نتیجه گیری انگلیسی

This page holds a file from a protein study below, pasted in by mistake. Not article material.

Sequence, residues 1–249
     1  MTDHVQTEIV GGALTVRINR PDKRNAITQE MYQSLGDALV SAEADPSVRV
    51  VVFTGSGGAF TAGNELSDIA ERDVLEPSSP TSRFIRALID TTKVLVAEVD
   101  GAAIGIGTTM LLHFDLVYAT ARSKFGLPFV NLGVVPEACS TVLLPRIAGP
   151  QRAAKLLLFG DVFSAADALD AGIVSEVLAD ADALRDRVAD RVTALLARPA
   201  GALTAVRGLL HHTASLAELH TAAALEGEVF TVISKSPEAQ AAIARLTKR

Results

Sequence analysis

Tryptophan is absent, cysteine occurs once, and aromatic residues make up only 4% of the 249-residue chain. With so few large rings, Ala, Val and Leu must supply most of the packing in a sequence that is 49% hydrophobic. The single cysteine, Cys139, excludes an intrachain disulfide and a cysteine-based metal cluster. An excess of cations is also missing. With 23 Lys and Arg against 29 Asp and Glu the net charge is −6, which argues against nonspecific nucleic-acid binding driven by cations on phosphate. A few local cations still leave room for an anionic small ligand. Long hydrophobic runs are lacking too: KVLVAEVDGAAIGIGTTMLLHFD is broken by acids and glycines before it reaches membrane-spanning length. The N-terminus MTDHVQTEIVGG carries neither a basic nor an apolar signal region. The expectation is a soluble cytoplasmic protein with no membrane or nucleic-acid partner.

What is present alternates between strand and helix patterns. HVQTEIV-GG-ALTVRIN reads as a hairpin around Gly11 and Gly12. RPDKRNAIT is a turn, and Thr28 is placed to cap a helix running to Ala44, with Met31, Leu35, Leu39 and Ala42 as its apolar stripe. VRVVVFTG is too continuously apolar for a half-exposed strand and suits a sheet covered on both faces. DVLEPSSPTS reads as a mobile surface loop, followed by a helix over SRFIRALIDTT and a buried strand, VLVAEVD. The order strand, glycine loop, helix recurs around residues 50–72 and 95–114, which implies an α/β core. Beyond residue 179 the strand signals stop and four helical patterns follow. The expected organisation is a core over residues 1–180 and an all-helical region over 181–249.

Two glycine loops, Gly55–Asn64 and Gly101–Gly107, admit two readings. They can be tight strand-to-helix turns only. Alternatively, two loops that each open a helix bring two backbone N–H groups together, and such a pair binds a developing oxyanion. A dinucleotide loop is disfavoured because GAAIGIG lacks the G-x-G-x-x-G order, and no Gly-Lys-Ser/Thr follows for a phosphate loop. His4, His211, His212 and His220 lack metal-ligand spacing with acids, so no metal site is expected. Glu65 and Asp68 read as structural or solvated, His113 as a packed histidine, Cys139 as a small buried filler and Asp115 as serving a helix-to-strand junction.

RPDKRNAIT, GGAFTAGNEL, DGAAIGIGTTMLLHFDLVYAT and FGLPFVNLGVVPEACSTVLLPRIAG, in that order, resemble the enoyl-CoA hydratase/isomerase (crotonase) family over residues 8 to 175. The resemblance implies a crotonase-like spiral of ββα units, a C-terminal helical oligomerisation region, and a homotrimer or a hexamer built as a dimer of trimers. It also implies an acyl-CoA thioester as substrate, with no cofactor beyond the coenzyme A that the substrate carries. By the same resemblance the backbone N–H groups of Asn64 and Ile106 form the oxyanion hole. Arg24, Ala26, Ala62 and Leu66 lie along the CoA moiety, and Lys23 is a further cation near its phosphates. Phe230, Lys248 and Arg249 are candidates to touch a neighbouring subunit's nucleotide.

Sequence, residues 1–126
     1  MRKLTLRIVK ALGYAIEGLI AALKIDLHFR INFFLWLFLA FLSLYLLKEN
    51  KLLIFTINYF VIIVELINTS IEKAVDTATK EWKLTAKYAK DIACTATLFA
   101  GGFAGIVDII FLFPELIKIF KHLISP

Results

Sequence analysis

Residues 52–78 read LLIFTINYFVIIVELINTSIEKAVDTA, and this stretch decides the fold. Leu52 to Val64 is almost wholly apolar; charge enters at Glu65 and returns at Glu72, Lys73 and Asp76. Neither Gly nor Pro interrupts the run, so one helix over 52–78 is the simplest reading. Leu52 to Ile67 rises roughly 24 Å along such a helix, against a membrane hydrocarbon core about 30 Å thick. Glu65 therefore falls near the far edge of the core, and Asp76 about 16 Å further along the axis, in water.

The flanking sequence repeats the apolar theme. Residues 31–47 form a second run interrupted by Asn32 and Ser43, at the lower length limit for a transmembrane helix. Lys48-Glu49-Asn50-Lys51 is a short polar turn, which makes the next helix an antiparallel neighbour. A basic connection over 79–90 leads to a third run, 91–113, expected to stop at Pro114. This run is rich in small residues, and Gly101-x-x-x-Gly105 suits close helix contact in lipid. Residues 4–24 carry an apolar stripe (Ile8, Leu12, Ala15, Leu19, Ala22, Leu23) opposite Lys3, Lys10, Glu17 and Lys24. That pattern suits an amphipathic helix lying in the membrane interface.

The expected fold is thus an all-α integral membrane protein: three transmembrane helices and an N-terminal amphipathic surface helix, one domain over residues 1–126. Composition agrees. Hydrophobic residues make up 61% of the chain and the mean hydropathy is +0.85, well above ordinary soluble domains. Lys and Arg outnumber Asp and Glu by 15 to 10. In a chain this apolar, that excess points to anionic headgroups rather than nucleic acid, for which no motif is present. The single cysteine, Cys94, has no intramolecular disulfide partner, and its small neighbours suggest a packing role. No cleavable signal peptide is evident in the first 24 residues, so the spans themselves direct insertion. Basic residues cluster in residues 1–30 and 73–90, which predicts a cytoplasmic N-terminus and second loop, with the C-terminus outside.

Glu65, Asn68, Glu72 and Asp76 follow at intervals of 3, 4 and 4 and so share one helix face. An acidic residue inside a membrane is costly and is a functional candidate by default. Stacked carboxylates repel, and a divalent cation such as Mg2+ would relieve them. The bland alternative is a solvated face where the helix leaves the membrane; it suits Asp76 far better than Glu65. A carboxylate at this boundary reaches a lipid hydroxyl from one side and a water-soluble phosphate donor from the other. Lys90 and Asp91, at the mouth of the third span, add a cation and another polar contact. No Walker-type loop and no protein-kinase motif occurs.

We have studied firm inventory policy in an environment with supply and demand shocks, taking into consideration different product market structures as well as firm financial structures. We have shown that in an expansive (recessive) period, inventory variance increases (decreases) as markets become more fragmented. Concerning firm financial structure, we have found that market debt-financed firms store a lower level of inventories than bank debt-financed firms, which in turn accumulate less than equity-financed firms. This particular ranking can be explained in terms of liquidity considerations. Equity-financed firms do not have liquidity obligations to be satisfied and, during expansions, can invest freely in illiquid assets such as stocks. This is not the case for debt-financed firms, especially if debt is short term. These firms need to keep a substantial amount of resources in cash, in order to satisfy their monetary obligations and avoid liquidation. This fact discourages them from implementing an aggressive policy of stock accumulation during expansions and, by the same token, leads to a strong inventory disinvestment in recessions. Such liquidity effect is particularly important for market debt-financed firms, as they cannot use inventories as a means of payment. As a consequence, the higher (lower) the amount of ST debt in expansions (recessions), the lower stock fluctuations in expansions (recessions) for a profit-maximizing firm. This in turn implies that firms using ST variable-rate credit (more cash demanding in expansions than in recessions) will define a smoother inventory policy than those using fixed-rate credit. On the basis of the previous analysis, we could describe a mechanism that stimulates profit-maximizing firms to smooth their inventory policy while obtaining “cheap” financing. This consists of raising funds in a recessive period, making use of LT convertible debt. These bonds would incorporate two ex-ante conditions: first, they must be transformed in equity in the next expansive period, and second, there must be a firm commitment to buy back a certain proportion of this equity. The buy-back commitment will make this instrument attractive to potential lenders, providing firms “cheap” liquidity in recessive periods and avoiding an inventory overselling. At the same time, the use of available resources in expansions for the purchase of equities committed ex-ante will prevent a substantial investment in non liquid assets such as inventories. As a final remark, an interesting extension to this model would contemplate issues of aggregation of firms’ inventory policies across markets subject to idiosyncratic shocks. This would provide an insightful alternative to the case of common shocks analyzed in this paper. Such an extension is left for future research.